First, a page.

alexa Evaluation of Next Generation Sequencing Platforms for Whole Exome Variant Analysis | OMICS International
ISSN: 2471-2663
Clinical & Medical Biochemistry

Like us on:

Make the best use of Scientific Research and information from our 700+ peer reviewed, Open Access Journals that operates with the help of 50,000+ Editorial Board Members and esteemed reviewers and 1000+ Scientific associations in Medical, Clinical, Pharmaceutical, Engineering, Technology and Management Fields.
Meet Inspiring Speakers and Experts at our 3000+ Global Conferenceseries Events with over 600+ Conferences, 1200+ Symposiums and 1200+ Workshops on
Medical, Pharma, Engineering, Science, Technology and Business

Evaluation of Next Generation Sequencing Platforms for Whole Exome Variant Analysis

Gopi Vyas1*, Tanushree Tiwari2, Aditya Mehta1,2, Maulik Patel1,2, Hemant Gupta2, Arpita Ghosh2 and Surendra KC2

1Gujarat University, Ahmedabad, Gujarat, India

2Xcelris Labs, Ahmedabad, Gujarat, India

*Corresponding Author:
Gopi Vyas
Gujarat University
Ahmedabad, Gujarat
Tel: +919974535144
E-mail: [email protected]

Received date: December 15, 2015; Accepted date: February 08, 2016; Published date: February 16, 2016

Citation: Vyas G, Tiwari T, Mehta A, Patel M, Gupta H, et al. (2016) Evaluation of Next Generation Sequencing Platforms for Whole Exome Variant Analysis. Clin Med Biochemistry Open Access 2:112. doi:10.4172/2471-2663.1000112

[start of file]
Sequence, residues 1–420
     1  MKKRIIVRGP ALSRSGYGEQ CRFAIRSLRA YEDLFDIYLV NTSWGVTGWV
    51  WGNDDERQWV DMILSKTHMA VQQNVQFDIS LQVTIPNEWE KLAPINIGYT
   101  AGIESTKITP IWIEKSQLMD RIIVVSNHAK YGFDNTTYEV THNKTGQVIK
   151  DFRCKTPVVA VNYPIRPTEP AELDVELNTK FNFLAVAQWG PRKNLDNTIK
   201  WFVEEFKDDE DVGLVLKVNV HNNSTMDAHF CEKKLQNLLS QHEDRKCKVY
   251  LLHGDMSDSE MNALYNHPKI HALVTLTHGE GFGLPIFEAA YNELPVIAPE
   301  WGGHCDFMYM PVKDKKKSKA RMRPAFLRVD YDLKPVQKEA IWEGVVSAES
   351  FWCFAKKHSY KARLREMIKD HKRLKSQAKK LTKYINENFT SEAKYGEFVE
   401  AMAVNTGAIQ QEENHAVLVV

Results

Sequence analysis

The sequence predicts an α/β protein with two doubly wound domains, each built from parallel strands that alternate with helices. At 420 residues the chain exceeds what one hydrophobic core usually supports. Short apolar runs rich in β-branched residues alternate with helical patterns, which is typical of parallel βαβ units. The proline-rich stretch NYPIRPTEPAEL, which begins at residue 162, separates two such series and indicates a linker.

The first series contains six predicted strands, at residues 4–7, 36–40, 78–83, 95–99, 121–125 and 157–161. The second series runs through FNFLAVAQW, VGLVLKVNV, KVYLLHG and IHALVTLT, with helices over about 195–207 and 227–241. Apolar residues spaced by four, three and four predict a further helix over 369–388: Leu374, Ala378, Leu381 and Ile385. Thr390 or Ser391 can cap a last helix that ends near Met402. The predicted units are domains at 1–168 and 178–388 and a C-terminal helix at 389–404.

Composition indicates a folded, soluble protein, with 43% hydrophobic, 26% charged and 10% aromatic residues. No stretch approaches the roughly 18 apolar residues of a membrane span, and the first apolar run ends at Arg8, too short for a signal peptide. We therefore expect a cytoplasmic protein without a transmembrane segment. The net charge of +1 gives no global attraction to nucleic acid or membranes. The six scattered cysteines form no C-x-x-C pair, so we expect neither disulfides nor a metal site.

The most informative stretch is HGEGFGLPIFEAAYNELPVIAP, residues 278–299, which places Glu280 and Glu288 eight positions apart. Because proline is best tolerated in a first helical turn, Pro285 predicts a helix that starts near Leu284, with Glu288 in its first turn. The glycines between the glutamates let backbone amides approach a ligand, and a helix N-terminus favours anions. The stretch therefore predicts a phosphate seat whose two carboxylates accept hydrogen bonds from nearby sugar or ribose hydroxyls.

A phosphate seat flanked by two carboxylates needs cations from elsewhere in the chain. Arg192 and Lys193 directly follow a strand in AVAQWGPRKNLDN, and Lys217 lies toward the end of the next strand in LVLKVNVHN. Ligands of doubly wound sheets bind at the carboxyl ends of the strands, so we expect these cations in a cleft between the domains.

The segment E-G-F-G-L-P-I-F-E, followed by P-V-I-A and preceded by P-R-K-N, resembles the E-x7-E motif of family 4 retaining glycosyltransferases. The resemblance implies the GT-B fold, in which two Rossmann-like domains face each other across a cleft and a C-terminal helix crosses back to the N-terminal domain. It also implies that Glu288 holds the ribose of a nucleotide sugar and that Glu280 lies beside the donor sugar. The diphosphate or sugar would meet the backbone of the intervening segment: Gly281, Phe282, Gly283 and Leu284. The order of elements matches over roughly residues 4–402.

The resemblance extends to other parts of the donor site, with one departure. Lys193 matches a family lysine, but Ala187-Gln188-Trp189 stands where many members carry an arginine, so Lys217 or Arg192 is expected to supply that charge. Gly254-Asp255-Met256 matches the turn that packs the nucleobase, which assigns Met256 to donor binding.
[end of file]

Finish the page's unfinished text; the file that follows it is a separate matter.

Copyright: © 2016 Vyas G, et al. This is an open-access article distributed under the terms of the Creative Commons Attribution License, which permits unrestricted use, distribution, and reproduction in any medium, provided the original author and source are credited.

Visit for more related articles at Clinical & Medical Biochemistry

Abstract

Exome analysis is potentially a cost effective approach for detecting mutations in human body. It is preferred widely over WGS (Whole Genome Sequencing) since it focuses upon the coding and functional variants of the human genome. There are several platforms involved in whole exome sequencing, but the relative study of the same sample on two widely used exome sequencing platforms is taken into consideration here. The results of this study demonstrate the systematic evaluation of two widely used sequencing platforms. However, it reported accuracy of ~98% in terms of SNPs predicted by both the platforms, infact the number of SNPs exclusively falling into exonic region were found to harmonize inspite of the initial difference in raw SNP calling step.

Keywords

Whole exome; Variant analysis; Illumina; Ion torrent; SNP; Human exome; GATK; Next generation sequencing

Introduction

The advancement of Next-Generation Sequencing (NGS) technology facilitates analysis of millions of DNA sequences in a single run. This has led to generation of ample amount of raw data which needs to be analyzed to gain meaningful results. While whole genome sequencing (WGS) provides an optimal solution to variant identification, the combination of data analysis hurdles and the expense of WGS have led to the development and successful adoption of exome sequencing. Exome sequencing provides a more cost effective approach where only the protein coding regions of a genome is utilized to find mutations which are found to be the prime cause of various common human diseases. The human genome comprises of about ~180,000 exons which constitutes 1% of the human genome [1]. The cost of Whole Exome is currently only ~1/10 of the cost of whole genome sequencing [2]. Exome Sequencing involves the target selection using one of several enrichment products; each of which aims to produce a DNA sample where the content is made up of the protein coding and regulatory regions of the genome. However it may not lead to 100% capture of the region of interest but helps in identification of the major mutations in a sample.